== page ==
Think of it this way: tracking is like watching the game, while budgeting is playing in it. You need both to score.

Sure, find a way to monitor your income and expenses that fits your style, whether it’s old-school paper and pencil, a handy app, or software like Quicken. But pair that with a solid budget. Only then can you really start steering towards your financial goals. Remember, you need both a budget and tracking to get a clear financial picture.

8. Don’t let money define you.

In my early 20s, I was convinced my worth was directly linked to my income. As a teacher earning a modest salary, I felt trapped in a financial loop of perpetual struggle. When I married another teacher, I thought, “Well, financial success isn’t in the cards for us.”

But a mindset shift changed everything. We realized that if we kept telling ourselves that money was an insurmountable obstacle, then that’d be our reality. Instead, we chose to believe that we could change our financial trajectory, even with our combined teacher incomes. We refused to let our earnings set our limitations. So, we set out with determination to design the financial future we desired.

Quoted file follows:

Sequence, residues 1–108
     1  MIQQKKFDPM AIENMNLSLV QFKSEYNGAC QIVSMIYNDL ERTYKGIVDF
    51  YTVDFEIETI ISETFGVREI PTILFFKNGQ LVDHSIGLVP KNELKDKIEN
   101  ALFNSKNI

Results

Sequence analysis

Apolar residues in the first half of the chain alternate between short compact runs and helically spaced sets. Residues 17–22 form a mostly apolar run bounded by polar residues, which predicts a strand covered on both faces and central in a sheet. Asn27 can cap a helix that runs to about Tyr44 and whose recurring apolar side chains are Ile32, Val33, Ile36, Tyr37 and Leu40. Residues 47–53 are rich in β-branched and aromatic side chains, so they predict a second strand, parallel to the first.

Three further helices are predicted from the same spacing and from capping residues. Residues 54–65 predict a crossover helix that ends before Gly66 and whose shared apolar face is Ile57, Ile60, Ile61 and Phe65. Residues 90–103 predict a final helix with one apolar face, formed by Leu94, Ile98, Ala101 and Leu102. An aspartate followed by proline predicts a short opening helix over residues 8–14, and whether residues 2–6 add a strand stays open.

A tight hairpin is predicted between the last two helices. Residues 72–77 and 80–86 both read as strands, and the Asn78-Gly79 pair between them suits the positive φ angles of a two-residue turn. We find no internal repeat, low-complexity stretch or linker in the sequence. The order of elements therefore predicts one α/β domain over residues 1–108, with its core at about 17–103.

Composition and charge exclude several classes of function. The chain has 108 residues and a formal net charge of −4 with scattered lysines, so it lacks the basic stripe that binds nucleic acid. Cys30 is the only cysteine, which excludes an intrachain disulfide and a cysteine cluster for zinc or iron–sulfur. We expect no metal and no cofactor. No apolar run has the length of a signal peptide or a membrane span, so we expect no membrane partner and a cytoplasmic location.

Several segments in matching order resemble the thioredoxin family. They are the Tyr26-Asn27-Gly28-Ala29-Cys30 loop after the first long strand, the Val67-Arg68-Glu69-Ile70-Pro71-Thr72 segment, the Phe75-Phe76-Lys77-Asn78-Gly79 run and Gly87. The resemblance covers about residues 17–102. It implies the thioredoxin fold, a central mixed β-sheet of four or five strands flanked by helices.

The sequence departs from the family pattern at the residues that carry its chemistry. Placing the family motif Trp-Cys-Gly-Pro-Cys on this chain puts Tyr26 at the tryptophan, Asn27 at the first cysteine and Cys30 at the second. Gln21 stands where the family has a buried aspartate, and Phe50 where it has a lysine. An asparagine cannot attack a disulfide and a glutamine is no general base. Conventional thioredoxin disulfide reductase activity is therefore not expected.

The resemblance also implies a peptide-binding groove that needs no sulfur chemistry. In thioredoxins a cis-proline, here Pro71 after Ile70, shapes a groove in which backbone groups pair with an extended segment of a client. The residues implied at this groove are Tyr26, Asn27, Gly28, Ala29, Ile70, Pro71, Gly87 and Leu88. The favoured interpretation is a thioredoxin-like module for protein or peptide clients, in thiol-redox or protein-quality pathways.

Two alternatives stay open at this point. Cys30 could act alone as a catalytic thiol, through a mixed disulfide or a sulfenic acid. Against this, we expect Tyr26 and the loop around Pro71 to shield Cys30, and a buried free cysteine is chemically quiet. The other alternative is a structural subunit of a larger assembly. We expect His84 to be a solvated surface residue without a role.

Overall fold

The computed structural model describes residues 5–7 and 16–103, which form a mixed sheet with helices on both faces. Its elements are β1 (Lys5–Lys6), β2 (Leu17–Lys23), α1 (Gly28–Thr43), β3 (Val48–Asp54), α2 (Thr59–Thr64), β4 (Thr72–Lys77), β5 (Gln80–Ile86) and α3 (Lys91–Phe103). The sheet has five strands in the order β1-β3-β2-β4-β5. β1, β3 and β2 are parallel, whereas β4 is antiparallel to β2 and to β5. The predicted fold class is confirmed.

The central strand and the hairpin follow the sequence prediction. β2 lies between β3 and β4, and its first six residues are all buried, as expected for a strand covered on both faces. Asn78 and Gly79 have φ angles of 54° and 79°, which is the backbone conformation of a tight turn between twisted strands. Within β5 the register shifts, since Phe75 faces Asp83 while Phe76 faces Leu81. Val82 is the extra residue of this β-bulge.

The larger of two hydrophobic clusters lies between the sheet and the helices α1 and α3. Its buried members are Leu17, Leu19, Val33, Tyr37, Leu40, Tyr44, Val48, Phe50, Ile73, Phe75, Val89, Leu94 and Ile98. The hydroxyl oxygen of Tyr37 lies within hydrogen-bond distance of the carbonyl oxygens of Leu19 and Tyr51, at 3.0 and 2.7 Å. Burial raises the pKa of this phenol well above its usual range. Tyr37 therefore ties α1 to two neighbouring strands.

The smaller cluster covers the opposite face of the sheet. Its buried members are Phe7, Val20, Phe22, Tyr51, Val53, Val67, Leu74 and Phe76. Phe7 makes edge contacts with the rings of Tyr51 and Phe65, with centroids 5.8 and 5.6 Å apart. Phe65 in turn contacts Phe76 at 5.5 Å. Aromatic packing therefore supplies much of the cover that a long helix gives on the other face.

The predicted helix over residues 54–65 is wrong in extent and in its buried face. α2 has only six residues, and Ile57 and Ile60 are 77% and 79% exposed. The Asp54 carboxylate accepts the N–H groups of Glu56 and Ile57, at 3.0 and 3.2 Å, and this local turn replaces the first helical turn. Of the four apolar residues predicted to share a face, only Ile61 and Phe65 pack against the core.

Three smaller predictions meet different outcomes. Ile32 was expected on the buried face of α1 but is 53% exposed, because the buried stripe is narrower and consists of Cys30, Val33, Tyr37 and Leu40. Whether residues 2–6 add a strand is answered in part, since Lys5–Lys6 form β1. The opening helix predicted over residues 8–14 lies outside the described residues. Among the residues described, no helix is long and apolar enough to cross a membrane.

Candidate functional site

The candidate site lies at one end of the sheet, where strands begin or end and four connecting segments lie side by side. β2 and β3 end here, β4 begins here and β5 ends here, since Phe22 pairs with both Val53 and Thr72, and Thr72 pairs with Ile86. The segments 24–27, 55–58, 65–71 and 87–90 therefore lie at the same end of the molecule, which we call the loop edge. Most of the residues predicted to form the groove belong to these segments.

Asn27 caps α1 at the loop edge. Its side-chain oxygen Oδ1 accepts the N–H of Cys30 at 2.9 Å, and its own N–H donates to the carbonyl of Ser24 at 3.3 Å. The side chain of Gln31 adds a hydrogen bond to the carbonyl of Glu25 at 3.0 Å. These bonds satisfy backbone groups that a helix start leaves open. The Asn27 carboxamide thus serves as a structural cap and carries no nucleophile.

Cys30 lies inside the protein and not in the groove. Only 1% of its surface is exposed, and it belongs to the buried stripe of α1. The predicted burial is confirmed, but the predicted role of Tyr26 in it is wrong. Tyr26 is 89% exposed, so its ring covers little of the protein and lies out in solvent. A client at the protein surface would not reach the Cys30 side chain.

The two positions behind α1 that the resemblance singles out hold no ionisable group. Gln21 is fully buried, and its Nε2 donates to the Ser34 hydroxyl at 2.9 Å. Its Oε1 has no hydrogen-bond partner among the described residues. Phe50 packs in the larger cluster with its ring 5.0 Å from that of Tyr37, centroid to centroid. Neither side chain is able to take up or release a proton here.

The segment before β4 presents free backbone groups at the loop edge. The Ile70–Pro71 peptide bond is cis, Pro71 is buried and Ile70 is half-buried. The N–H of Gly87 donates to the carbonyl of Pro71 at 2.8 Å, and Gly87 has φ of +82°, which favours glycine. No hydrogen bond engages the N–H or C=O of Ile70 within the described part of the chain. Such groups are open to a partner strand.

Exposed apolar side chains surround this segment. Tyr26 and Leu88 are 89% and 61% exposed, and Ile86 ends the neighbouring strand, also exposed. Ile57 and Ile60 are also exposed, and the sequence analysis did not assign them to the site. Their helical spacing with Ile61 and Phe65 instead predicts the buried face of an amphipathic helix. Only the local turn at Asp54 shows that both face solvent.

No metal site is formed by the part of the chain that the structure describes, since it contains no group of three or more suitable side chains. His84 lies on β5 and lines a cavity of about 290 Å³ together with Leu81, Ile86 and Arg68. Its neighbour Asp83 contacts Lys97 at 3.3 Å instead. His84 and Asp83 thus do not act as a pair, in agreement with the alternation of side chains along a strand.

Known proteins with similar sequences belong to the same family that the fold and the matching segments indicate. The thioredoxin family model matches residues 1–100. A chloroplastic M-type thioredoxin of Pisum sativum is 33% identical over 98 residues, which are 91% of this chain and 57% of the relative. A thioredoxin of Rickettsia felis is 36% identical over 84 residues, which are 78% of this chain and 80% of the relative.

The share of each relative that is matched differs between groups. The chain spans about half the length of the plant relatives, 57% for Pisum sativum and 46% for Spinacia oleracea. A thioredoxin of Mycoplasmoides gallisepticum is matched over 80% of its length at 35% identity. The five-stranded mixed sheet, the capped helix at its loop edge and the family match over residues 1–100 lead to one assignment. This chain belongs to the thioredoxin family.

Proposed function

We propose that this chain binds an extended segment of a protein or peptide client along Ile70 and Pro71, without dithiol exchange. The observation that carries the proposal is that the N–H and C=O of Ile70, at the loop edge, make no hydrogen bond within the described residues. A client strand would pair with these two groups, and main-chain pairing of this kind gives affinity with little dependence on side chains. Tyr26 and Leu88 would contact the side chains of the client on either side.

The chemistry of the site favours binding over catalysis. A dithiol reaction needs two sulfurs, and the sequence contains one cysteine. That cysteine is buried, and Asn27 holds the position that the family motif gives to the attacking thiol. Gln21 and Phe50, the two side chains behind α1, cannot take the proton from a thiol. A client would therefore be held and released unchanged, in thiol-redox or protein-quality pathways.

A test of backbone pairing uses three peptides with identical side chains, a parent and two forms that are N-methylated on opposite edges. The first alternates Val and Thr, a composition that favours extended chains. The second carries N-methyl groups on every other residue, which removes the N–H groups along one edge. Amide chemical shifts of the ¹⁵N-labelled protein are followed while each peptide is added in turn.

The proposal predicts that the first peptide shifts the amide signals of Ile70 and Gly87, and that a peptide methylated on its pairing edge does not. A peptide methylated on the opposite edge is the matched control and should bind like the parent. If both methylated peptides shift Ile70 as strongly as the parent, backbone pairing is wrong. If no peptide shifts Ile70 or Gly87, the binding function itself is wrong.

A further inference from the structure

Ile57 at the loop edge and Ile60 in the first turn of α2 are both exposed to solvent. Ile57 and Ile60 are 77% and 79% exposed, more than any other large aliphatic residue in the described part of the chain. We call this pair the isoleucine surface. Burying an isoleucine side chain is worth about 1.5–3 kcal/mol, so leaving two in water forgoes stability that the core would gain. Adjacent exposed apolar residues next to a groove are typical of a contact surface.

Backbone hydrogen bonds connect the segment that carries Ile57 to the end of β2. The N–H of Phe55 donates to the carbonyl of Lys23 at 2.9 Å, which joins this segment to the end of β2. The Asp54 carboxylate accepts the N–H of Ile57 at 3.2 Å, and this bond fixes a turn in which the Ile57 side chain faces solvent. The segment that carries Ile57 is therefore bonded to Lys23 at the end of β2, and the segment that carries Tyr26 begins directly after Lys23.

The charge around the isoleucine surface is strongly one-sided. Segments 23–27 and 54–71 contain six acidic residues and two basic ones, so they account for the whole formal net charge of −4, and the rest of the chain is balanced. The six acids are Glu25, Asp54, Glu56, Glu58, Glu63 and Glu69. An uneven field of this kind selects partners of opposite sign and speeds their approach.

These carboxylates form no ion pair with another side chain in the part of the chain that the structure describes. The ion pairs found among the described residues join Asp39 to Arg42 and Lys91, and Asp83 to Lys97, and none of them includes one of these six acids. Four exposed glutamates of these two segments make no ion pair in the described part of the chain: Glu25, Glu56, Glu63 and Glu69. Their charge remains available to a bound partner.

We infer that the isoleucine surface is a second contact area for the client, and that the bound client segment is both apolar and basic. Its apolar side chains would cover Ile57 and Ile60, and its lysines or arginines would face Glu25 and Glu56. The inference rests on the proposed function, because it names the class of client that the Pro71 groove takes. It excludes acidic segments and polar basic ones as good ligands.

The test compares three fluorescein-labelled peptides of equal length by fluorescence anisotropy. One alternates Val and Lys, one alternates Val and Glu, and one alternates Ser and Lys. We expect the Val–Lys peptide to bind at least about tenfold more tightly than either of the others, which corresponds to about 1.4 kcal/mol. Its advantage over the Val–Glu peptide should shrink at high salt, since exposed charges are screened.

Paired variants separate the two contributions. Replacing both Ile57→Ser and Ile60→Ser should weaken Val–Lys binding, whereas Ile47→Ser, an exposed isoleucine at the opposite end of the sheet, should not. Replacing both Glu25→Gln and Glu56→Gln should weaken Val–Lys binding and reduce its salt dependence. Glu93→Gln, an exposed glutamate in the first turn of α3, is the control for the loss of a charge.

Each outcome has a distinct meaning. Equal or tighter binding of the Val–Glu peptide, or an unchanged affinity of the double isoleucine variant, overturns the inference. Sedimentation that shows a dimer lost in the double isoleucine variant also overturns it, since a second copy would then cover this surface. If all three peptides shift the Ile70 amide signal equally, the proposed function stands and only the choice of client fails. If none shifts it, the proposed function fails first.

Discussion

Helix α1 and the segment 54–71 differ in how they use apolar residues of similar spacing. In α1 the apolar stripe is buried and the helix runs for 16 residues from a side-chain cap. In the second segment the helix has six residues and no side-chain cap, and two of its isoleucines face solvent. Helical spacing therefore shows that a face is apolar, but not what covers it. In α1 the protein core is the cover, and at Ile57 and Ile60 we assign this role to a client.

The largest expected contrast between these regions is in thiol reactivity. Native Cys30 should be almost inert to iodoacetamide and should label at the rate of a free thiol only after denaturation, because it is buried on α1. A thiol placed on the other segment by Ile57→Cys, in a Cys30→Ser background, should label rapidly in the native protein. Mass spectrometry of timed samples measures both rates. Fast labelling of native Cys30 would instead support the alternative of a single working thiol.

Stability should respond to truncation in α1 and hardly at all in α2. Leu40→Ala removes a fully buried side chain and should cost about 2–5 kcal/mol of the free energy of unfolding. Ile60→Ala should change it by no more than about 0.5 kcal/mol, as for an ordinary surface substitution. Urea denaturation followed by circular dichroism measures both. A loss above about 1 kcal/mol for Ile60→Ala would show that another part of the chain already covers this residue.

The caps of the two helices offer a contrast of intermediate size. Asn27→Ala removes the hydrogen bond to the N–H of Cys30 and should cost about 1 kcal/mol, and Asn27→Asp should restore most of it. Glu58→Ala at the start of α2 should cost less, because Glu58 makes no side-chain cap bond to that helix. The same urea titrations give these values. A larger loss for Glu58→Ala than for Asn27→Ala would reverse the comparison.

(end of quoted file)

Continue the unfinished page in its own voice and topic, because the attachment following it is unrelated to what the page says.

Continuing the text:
Now, here’s a twist: while I wish I knew all this wisdom in my early 20s, I genuinely believe I wouldn’t be in my current position without those earlier financial stumbles. Those challenges pushed me to a tipping point, igniting my passion for budgeting.

That very passion led to the birth of Inspired Budget. It’s the result of years grappling with financial misunderstandings, followed by a profound urge to turn things around.

The Bottom Line

Reflecting on my younger years, it’s clear that the lessons I learned about money have been transformative. Money management is not just about dollars and cents, but more so about mindset, discipline, and understanding the true value of financial independence.

These 8 lessons have not just shaped my relationship with money, but have guided my life’s journey, turning obstacles into stepping stones, and helping me create Inspired Budget from personal experiences.

For anyone navigating their financial path, remember this: it’s never too late to re-evaluate your relationship with money. Your past doesn’t dictate your financial future; your actions today do.

Embrace the lessons, seek guidance, and always remain passionate about creating a secure, prosperous life for yourself and those you love. After all, the true wealth in life isn’t just in our bank accounts, but in the wisdom we accumulate and the difference we make.